[performance] What's the most efficient way to test two integer ranges for overlap?

4 Answers

Given two ranges [x1,x2], [y1,y2]

def is_overlapping(x1,x2,y1,y2):
    return max(x1,y1) <= min(x2,y2)

Given two inclusive integer ranges [x1:x2] and [y1:y2], where x1 ≤ x2 and y1 ≤ y2, what is the most efficient way to test whether there is any overlap of the two ranges?

A simple implementation is as follows:

bool testOverlap(int x1, int x2, int y1, int y2) {
  return (x1 >= y1 && x1 <= y2) ||
         (x2 >= y1 && x2 <= y2) ||
         (y1 >= x1 && y1 <= x2) ||
         (y2 >= x1 && y2 <= x2);

But I expect there are more efficient ways to compute this.

What method would be the most efficient in terms of fewest operations.

If you were dealing with, given two ranges [x1:x2] and [y1:y2], natural / anti-natural order ranges at the same time where:

  • natural order: x1 <= x2 && y1 <= y2 or
  • anti-natural order: x1 >= x2 && y1 >= y2

then you may want to use this to check:

they are overlapped <=> (y2 - x1) * (x2 - y1) >= 0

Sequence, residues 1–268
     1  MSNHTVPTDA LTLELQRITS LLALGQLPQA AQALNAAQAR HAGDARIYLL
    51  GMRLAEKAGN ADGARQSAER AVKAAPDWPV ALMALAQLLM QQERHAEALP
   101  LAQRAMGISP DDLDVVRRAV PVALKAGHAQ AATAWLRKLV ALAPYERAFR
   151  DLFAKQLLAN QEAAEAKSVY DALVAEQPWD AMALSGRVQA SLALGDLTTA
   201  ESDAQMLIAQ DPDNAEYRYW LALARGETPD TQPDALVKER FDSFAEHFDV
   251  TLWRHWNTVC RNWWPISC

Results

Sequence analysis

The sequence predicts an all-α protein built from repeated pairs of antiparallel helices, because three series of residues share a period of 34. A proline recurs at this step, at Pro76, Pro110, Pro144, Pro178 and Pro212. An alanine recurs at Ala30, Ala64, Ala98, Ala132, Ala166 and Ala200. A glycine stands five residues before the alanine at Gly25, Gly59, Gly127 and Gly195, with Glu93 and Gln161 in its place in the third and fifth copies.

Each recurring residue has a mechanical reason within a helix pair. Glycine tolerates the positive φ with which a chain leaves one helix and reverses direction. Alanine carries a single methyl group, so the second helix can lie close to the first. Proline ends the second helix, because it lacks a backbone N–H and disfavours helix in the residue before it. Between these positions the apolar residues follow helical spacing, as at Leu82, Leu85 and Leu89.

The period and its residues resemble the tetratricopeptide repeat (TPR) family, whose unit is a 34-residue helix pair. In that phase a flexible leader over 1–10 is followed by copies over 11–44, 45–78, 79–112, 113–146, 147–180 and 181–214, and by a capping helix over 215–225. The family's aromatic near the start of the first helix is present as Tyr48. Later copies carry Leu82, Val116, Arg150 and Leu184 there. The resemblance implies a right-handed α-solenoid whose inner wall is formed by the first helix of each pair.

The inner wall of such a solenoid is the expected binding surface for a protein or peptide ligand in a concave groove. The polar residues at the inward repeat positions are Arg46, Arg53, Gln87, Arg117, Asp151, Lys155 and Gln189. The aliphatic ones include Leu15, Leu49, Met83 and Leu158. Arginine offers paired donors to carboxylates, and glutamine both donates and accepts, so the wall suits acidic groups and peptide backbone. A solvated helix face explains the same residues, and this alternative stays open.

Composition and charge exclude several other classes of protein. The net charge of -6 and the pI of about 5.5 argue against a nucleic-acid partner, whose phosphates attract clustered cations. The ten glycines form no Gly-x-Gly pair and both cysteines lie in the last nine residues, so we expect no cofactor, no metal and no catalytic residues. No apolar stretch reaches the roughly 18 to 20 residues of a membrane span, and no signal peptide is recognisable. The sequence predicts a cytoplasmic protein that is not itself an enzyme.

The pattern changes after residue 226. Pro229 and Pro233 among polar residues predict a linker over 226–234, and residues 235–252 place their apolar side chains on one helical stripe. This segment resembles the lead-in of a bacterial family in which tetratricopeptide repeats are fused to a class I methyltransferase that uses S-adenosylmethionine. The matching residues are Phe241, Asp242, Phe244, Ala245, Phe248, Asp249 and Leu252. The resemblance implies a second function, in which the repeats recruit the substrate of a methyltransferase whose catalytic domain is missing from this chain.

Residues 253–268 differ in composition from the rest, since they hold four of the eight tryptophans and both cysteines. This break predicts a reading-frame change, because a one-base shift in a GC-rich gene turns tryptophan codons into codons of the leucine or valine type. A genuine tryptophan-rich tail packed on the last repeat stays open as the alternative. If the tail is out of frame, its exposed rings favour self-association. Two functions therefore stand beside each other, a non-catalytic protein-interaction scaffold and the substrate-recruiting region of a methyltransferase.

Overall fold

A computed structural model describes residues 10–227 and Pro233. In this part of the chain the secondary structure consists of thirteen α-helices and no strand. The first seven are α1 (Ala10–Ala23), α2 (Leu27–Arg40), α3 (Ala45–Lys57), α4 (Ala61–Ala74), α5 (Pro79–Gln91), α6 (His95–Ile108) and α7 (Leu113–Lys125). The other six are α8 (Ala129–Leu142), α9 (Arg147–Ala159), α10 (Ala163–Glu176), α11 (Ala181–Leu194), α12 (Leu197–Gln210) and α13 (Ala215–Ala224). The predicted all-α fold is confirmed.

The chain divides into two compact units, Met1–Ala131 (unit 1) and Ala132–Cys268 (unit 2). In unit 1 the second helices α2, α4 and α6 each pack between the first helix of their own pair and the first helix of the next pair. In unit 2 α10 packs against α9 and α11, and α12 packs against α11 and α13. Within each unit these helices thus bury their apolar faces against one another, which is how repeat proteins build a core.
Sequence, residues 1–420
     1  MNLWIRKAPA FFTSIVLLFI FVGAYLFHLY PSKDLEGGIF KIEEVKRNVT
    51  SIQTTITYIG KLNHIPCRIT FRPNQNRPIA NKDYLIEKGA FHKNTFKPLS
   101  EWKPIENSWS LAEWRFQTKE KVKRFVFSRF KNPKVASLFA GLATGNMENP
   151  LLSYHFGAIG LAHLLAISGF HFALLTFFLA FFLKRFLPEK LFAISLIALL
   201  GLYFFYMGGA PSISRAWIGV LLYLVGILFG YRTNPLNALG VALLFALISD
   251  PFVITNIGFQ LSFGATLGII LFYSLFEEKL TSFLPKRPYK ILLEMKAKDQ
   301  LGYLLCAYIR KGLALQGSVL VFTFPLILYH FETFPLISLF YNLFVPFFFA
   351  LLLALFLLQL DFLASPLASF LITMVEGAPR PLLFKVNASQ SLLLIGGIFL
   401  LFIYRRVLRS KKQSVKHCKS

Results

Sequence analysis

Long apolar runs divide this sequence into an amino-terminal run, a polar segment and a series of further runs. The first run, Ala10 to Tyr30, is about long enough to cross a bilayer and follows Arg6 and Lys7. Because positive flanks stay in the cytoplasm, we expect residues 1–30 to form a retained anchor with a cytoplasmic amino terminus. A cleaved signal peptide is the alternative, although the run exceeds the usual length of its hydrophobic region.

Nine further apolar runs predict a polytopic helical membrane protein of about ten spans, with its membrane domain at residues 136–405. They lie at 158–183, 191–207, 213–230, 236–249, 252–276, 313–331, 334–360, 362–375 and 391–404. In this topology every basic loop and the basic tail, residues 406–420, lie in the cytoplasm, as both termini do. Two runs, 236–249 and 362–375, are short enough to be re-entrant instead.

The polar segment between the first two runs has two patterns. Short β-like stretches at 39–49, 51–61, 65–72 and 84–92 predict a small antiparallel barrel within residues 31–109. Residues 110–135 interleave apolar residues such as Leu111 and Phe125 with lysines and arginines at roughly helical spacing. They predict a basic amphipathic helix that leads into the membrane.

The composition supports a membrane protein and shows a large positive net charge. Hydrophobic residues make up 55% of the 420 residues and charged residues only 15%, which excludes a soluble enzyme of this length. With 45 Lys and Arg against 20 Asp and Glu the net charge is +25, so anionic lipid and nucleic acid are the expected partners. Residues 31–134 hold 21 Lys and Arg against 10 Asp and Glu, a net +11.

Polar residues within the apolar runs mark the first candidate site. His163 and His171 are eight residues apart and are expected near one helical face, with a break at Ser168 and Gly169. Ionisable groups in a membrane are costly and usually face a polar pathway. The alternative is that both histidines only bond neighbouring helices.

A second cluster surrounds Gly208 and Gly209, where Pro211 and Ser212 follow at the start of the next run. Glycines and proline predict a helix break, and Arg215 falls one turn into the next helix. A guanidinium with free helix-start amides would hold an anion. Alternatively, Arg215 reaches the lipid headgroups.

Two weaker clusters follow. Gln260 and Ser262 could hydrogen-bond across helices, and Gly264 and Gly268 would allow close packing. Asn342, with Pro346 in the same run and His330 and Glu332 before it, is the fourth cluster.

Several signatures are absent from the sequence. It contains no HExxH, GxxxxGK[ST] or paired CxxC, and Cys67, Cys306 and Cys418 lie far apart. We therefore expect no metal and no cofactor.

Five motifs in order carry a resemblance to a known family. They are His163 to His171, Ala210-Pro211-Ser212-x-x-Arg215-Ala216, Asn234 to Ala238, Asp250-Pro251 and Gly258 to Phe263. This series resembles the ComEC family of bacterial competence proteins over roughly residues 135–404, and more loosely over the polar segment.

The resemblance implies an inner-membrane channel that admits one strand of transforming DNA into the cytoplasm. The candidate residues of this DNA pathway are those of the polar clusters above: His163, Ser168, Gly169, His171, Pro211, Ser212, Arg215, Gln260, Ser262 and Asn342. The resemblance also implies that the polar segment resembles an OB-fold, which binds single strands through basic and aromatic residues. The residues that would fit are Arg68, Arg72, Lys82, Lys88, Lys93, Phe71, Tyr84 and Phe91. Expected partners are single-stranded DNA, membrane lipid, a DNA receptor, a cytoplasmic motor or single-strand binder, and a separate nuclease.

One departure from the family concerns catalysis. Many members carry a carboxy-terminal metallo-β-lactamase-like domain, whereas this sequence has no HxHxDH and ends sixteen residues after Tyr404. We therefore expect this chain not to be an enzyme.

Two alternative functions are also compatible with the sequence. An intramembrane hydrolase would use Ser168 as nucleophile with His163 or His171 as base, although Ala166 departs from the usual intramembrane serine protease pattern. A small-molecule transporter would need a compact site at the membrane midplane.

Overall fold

where only four operations are involved:

  • two subtractions
  • one multiplication
  • one comparison

I suppose the question was about the fastest, not the shortest code. The fastest version have to avoid branches, so we can write something like this:

for simple case:

static inline bool check_ov1(int x1, int x2, int y1, int y2){
    // insetead of x1 < y2 && y1 < x2
    return (bool)(((unsigned int)((y1-x2)&(x1-y2))) >> (sizeof(int)*8-1));

or, for this case:

static inline bool check_ov2(int x1, int x2, int y1, int y2){
    // insetead of x1 <= y2 && y1 <= x2
    return (bool)((((unsigned int)((x2-y1)|(y2-x1))) >> (sizeof(int)*8-1))^1);

Great answer from Simon, but for me it was easier to think about reverse case.

When do 2 ranges not overlap? They don't overlap when one of them starts after the other one ends:

dont_overlap = x2 < y1 || x1 > y2

Now it easy to express when they do overlap:

overlap = !dont_overlap = !(x2 < y1 || x1 > y2) = (x2 >= y1 && x1 <= y2)

Here's my version:

int xmin = min(x1,x2)
  , xmax = max(x1,x2)
  , ymin = min(y1,y2)
  , ymax = max(y1,y2);

for (int i = xmin; i < xmax; ++i)
    if (ymin <= i && i <= ymax)
        return true;

return false;

Unless you're running some high-performance range-checker on billions of widely-spaced integers, our versions should perform similarly. My point is, this is micro-optimization.